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The Low FODMAP Diet - What you need to know

What are FODMAPS? - The Simple Explanation


The letters in FODMAP stand for food types that the average person probably hasn't heard of. These FODMAP groups however include more familiar food sub-groups that include Fructose and Lactose.


FODMAPS are carbohydrate groups that some individuals have problems digesting at high levels or sometimes at all. These indigestible Carbohydrates often ferment in the intestines which causes gas, pain and bloating.


Who usually participates in a Low FODMAP Diet?


According to current research, people with a Irritable Bowel Syndrome diagnosis can benefit the most from this diet. In the US, 77% of gastroenterologists recommend this diet for IBS patients. For a complicated condition like IBS where an exact cause has not been identified, the best course of action is to do what is necessary to control symptoms due to their disruptive nature. Since there are most likely many different causes, the solution needs to be multi-faceted. A low FODMAP diet is one approach that can be used to manage the condition successfully.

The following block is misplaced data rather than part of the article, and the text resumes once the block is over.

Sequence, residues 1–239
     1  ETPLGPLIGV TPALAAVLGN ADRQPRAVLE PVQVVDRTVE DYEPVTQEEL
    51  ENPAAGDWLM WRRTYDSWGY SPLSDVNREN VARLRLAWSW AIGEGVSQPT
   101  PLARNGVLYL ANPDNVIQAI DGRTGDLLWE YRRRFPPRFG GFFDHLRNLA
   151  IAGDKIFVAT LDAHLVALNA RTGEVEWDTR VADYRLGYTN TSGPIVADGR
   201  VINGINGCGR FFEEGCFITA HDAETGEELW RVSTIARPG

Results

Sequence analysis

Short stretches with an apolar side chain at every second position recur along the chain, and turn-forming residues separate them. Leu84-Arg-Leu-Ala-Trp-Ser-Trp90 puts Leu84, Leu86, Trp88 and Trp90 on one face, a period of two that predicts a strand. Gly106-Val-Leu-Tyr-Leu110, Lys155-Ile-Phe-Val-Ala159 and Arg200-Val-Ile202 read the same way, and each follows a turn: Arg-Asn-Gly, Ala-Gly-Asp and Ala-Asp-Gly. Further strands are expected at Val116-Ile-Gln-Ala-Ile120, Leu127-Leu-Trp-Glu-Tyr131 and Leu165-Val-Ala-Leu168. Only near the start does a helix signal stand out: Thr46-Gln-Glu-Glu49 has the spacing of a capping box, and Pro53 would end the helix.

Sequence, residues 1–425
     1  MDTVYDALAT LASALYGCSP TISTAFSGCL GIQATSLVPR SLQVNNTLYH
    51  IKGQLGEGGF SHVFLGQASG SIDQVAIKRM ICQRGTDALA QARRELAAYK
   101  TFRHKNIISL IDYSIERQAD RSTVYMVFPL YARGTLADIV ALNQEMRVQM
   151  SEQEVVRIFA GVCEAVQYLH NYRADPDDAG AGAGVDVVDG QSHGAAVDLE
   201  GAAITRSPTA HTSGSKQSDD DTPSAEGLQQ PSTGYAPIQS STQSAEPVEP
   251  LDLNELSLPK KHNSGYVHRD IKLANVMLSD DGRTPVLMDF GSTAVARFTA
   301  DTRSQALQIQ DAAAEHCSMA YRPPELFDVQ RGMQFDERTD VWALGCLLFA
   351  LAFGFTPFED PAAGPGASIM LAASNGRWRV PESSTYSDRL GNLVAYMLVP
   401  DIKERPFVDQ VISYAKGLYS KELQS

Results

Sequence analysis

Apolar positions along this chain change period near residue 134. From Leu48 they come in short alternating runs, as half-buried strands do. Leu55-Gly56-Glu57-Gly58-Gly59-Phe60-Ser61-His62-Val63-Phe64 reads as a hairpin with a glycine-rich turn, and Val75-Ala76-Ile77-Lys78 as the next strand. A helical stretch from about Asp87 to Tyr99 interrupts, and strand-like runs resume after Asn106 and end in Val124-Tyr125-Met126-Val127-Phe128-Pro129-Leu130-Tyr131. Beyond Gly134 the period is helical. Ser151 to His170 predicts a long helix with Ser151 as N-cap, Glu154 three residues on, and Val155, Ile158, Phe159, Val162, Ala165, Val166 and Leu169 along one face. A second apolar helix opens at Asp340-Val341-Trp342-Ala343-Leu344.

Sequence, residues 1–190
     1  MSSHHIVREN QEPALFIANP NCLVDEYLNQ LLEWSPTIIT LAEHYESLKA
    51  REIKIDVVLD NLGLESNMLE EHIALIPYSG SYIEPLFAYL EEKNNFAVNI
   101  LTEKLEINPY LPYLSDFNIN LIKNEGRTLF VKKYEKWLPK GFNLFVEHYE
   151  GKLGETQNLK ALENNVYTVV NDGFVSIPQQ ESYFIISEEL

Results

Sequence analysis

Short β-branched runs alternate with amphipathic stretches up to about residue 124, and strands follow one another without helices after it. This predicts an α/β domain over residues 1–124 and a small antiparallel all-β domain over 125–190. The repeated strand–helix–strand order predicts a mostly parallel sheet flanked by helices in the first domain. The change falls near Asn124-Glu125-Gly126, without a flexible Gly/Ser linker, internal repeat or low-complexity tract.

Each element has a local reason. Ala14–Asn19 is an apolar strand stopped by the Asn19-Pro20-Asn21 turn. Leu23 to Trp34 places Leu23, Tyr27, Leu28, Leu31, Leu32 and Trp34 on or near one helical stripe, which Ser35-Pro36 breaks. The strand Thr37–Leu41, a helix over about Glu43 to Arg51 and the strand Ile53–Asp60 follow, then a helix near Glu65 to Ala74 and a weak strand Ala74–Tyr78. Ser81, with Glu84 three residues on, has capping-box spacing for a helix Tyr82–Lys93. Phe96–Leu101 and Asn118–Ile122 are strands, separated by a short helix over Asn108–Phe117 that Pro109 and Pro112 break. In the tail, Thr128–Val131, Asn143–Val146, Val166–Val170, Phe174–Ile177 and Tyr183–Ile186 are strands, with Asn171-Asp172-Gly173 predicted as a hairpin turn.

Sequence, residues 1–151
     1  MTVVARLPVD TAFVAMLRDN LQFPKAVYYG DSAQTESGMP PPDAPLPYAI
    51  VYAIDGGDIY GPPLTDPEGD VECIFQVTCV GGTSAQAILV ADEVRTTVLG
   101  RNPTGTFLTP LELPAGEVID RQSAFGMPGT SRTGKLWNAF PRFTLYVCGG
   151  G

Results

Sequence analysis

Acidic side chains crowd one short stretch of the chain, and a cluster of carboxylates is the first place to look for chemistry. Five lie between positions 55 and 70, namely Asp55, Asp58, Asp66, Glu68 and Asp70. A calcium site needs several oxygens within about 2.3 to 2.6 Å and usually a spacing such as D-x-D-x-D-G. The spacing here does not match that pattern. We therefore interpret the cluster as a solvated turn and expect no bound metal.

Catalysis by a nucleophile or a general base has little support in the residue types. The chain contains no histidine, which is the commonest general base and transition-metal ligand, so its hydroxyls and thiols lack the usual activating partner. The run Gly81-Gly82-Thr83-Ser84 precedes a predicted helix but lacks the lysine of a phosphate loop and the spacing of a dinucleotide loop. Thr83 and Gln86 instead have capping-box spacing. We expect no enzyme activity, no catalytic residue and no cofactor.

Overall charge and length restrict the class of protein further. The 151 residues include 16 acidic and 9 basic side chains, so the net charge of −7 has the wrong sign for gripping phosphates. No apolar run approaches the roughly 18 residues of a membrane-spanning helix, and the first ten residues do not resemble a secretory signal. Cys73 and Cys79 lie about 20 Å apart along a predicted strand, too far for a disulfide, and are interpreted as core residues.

The Process


There are 3 main steps to applying this eating plan.

1. Remove / Reduce / Replace.

2. Reintroduce

3. Rejig.

Step one

Foods in these groups are removed or reduced to tolerable levels for 4 – 6 weeks. This has been reported to equate to the removal of approximately 10% of foods from a person’s original diet. But this can obviously depend on your current eating habits.


Step Two

The troublesome foods are gradually reintroduced one group at a time.

Symptoms are tracked to see which groups are the most problematic and how much can be tolerated.


Step Three

A modified diet can be applied long term based on the findings in step two.

It is recommended that all steps are completed with the guidance of a health professional. The best results and more successful adherence can be achieved this way. However, don’t let the need to for expert guidance stop you if this diet has been recommend. Get on top of it ASAP.


What the diet is and isn't:

  • FODMAP Diets are not for the general population.

  • The diet is for testing irritant foods short term and IBS symptom management longer term.